By Ryan Yousefi
By Chuck Strouse
By Terrence McCoy
By Terrence McCoy
By Terrence McCoy
By Michael E. Miller
By Kyle Munzenrieder
By Michael E. Miller
The overflow of reporters who couldn't fit in the small courtroom lounged around a conference area next door, watching the proceedings on several small monitors. Akre sat at a large table, directly across from Al Goldstein of Screw magazine, and idly looked on as courthouse security stopped Martin-Trigona from entering the room. He didn't have a press pass.
Ellis Rubin was in mid-soliloquy: "Am I about to commit a crime?" he implored the judge. "Consider my past." A great roar went up in the press room. Akre shook her head in disgust.
A huge, crab-walking phalanx of photographers escorted Rubin and the Willetses back to the parking lot, running over innocent people and colliding with cars along the way. Photographers climbed atop newspaper boxes to get better views. All the while, the drill-sergeant voice of George Martin-Trigona barked out admonishment, reprimand, and denunciation: "Clear the way! Act your age!" He still held the gift-wrapped book.
After the Willetses and Rubin drove away, Martin-Trigona returned to the courthouse, strolled through the metal detector, and spied a reporter he knew. In his customary stentorian voice, he wove a tale of conspiracy and intrigue in which Wilson and Akre were ganging up on his "friend" Rubin. Just then, by a coincidence worthy of Martin-Trigona's obsession, Akre herself walked past. Martin-Trigona made a slight move toward her, but she was ready. Screwing up her face like Jamie Lee Curtis, Akre unleashed a short but lethal burst of verbal fire and quickly headed for a bank of telephones. Channel 7 reporter John Turchin, who was with Akre, hissed a warning at him.
The man with the package didn't miss a beat. Immediately his narrative to the reporter rose in volume and pitch: "She doesn't want to talk to me because she knows I have proof that she is having illegal sex with Steve Wilson!" Heads spun. The reporter, embarrassed, walked away. "That's right!" roared Martin-Trigona, abandoning his composure for the very first time in the six years he has sought an audience with Jane Akre. "Illegal sex and illegal fellatio!"
Akre would later say she didn't hear what Martin-Trigona shouted. She also refuses to comment about him except to make this statement: "It's gone beyond reason. He's shown a total, complete inability to reason." The next day Martin-Trigona would express dismay: "I lost my cool. I never lose my cool. Only Akre could make me do that. Do you see what kind of woman she is? Do you see why I simply can't give up?"
On the morning of September 10, the cast of characters inside Guy Rubin's office included Steve Wilson, free-lance cameraman Steve Shapiro, and Inside Edition producer Donna Howell. A sound man worked from a van parked on the street nearby.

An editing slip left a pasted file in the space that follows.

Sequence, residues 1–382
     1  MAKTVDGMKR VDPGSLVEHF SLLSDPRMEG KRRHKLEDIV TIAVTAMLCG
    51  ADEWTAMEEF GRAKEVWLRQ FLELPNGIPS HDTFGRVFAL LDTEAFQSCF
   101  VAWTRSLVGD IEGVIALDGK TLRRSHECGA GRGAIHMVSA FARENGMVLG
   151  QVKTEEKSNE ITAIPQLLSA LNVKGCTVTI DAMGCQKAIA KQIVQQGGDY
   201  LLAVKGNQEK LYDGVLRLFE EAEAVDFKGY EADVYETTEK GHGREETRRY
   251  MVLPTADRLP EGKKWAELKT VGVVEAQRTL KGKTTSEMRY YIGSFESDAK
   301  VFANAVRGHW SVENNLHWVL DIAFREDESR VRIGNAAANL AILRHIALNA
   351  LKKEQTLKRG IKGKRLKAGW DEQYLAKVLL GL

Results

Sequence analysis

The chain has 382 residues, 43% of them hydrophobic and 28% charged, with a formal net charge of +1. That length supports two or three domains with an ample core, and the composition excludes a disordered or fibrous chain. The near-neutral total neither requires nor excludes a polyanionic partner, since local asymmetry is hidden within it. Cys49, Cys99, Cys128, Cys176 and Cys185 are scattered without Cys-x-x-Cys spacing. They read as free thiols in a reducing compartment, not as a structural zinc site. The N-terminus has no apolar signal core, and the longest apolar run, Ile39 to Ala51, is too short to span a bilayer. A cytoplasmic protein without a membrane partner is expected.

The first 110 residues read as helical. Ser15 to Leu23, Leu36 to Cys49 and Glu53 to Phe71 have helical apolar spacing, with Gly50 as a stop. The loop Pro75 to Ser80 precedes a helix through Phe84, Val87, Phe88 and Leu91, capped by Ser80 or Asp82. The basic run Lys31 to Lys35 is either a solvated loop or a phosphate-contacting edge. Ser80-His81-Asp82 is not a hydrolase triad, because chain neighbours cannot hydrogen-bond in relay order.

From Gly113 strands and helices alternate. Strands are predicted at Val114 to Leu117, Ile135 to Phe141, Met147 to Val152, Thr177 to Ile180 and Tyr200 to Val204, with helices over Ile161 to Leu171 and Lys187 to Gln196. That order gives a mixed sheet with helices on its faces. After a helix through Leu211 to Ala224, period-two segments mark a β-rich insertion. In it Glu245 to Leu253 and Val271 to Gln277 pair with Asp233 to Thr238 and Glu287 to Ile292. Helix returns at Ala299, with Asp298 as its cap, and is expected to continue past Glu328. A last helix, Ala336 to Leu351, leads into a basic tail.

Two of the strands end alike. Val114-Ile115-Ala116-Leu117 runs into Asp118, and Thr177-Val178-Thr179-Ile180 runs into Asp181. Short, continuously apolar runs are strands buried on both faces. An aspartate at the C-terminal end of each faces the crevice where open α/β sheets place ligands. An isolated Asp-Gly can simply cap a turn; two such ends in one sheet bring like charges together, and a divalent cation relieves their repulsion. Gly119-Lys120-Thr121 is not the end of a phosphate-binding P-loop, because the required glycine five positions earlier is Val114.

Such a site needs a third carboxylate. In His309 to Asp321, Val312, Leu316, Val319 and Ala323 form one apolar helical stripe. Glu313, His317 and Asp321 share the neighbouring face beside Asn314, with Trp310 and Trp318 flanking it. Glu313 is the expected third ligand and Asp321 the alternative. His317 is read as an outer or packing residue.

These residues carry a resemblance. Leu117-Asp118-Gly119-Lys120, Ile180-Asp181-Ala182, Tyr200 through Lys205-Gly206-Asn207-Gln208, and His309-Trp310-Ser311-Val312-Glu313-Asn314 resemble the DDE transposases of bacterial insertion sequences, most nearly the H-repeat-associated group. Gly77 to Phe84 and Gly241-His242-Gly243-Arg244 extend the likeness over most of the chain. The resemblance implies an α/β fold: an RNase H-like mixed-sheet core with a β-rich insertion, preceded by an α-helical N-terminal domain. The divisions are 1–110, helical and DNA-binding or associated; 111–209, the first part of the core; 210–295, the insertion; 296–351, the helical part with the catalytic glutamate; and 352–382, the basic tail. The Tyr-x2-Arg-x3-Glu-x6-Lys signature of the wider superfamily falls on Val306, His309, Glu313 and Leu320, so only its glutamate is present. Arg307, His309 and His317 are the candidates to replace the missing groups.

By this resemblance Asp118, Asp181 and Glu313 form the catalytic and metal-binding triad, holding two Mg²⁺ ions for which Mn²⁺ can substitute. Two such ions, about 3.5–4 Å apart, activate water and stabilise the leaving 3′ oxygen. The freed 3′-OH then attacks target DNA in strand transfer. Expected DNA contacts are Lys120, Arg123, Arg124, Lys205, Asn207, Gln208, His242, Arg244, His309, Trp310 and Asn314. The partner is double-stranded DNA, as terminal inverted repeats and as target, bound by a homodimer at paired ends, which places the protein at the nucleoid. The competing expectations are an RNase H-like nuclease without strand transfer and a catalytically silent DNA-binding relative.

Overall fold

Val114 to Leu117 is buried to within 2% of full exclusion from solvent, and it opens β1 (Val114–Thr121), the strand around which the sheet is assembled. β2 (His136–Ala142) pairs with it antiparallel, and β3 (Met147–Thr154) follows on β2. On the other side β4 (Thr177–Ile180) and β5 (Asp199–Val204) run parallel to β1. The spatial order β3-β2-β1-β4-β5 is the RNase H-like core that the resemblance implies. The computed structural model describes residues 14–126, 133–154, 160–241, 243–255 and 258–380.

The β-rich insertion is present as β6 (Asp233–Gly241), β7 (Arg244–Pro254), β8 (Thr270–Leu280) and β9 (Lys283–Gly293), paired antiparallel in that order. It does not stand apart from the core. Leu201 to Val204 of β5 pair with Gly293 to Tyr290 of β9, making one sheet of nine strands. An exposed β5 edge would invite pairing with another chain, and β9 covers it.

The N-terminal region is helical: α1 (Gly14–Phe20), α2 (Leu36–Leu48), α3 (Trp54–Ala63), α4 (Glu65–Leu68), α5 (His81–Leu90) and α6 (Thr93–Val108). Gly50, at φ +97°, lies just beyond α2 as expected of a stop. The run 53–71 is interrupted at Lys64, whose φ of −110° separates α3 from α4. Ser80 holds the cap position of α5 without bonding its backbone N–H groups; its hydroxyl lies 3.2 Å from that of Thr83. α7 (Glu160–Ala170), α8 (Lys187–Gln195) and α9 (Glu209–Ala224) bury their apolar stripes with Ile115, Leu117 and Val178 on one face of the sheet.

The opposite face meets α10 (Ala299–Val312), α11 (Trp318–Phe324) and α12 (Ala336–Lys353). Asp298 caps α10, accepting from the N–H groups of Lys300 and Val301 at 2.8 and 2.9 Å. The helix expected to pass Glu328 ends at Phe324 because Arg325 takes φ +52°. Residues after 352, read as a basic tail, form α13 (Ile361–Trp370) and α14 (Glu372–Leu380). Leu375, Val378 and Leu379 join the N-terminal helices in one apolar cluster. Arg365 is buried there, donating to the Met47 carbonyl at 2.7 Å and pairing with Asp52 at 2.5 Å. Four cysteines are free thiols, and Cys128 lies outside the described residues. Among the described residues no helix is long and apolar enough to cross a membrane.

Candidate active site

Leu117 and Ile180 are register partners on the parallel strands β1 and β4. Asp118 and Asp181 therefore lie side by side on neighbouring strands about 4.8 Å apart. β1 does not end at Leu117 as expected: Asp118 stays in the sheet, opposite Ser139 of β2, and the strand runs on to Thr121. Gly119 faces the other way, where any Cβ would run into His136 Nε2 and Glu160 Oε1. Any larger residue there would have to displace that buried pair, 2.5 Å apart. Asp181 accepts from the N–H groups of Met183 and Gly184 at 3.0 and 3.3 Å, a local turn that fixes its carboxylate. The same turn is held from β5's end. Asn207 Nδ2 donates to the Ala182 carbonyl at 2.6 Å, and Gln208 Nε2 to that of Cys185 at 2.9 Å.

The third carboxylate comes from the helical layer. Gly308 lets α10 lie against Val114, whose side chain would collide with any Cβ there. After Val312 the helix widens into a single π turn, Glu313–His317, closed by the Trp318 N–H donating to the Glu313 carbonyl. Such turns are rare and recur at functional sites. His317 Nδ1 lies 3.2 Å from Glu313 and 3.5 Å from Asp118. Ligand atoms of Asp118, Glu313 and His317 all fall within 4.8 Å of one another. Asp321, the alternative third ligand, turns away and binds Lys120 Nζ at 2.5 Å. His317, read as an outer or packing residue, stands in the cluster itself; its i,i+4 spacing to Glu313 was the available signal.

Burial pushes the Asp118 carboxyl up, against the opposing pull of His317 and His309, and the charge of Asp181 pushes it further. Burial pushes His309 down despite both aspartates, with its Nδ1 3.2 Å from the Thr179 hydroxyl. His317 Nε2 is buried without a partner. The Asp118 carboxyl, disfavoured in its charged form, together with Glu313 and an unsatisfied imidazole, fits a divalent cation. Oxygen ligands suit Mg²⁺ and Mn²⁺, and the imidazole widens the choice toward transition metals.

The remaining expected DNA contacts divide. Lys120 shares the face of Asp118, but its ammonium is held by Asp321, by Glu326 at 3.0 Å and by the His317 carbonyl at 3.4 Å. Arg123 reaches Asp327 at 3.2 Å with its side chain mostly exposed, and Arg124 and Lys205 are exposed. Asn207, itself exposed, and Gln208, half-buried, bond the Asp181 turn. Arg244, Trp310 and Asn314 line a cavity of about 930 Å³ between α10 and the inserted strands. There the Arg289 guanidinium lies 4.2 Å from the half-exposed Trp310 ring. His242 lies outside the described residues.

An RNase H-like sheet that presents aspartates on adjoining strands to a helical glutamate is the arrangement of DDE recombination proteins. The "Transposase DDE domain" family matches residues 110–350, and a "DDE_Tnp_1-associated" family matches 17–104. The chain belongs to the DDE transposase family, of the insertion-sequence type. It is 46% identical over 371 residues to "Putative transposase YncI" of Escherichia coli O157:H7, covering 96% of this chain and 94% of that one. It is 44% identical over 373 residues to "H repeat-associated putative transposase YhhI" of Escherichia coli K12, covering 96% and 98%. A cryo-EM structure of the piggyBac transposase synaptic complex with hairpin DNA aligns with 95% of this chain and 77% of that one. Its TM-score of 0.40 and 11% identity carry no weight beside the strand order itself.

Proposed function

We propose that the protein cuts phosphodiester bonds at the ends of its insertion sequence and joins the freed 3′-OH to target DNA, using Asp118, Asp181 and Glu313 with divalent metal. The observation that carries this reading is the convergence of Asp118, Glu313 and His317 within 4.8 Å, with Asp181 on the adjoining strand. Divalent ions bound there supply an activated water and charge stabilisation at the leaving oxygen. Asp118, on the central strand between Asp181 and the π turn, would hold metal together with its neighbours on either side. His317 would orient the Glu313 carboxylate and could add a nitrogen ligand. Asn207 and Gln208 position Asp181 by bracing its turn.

As his hidden Panasonic Elmo 8mm camera rolled silently, Wilson questioned the youngest Rubin about the $100,000 "package" for the names of Willets's clients, a "clothed or unclothed" one-day photo session with Kathy, and the sex tape supposedly featuring Doug Danziger. "You could tell it was Kathy Willets," Shapiro recalls, referring to the videotape. "You could tell there was sucking and fucking and what have you. Whether you could see through the [bedroom closet] louvers and tell beyond a reasonable doubt that it was Danziger, I don't know. I was only 70 or 80 percent sure it was Danziger. Wilson kept saying, `How do we know it is Danziger?' Guy kept saying, `Don't worry. Trust me, it is Danziger.' You could hear his voice, and I suppose if you knew Danziger's voice, you could recognize him easier.
"In the middle of everything, the phone rang and Guy came back and said it was Hard Copy," Shapiro continues, "that they were interested in buying the tape. He said we needed to get this deal taken care of in the next five minutes or he was going to call them back. I was flabbergasted. No one had to trick that guy [Rubin] into anything. His attitude was cocksure. He was cocksure about everything we talked about. All we needed was Monty Hall and someone in a chicken suit."
Minutes later Shapiro earned his pay (about $600 if he and the sound man split the fee equally). He picked up his Betacam and began taping as Wilson ambushed Guy Rubin. "Is this ethical? Is what you're doing ethical? You proud of this? Selling evidence in a case?" Wilson asked. Rubin quickly ended the meeting, walked out, and soon called Miami police to have Wilson removed from the premises.
That was the end of the taped segment as broadcast on Inside Edition, but Guy Rubin says much more took place later, off camera. "After the meeting ended, when I walked out of the room, he [Wilson] followed me up to my office and tried to extort the tape from me," Rubin claims. "He said, `Let me have the tape for free, or else.' He wanted to know what the Florida Bar or the state attorney would think about it.
"He threw his card on my desk and said we had until 2:30. He repeated that phrase in front of several people, including [brother] Mark and my wife, who was sitting in the reception area. Also, when the police officer arrived, he repeated that again and the officer noted that in his report." (The officer, who is not identified in the report, did include this cryptic note: "Mr. Wilson then stated, `I hope to hear from you before 2:30 or I'm going to do what I have to do.' Mr. Wilson then left the building.")